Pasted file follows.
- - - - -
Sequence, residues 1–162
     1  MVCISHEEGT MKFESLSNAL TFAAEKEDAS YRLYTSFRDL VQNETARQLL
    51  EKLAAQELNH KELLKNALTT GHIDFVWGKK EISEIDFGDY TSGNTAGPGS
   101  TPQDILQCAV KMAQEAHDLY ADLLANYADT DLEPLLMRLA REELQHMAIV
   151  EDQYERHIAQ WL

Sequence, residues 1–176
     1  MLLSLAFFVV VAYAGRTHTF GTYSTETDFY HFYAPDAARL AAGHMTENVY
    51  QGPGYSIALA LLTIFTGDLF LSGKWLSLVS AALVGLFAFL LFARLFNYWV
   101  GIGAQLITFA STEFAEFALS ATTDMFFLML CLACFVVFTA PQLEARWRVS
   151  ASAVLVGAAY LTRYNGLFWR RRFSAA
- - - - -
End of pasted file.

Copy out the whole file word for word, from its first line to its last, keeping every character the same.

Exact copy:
Sequence, residues 1–162
     1  MVCISHEEGT MKFESLSNAL TFAAEKEDAS YRLYTSFRDL VQNETARQLL
    51  EKLAAQELNH KELLKNALTT GHIDFVWGKK EISEIDFGDY TSGNTAGPGS
   101  TPQDILQCAV KMAQEAHDLY ADLLANYADT DLEPLLMRLA REELQHMAIV
   151  EDQYERHIAQ WL

Sequence, residues 1–176
     1  MLLSLAFFVV VAYAGRTHTF GTYSTETDFY HFYAPDAARL AAGHMTENVY
    51  QGPGYSIALA LLTIFTGDLF LSGKWLSLVS AALVGLFAFL LFARLFNYWV
   101  GIGAQLITFA STEFAEFALS ATTDMFFLML CLACFVVFTA PQLEARWRVS
   151  ASAVLVGAAY LTRYNGLFWR RRFSAA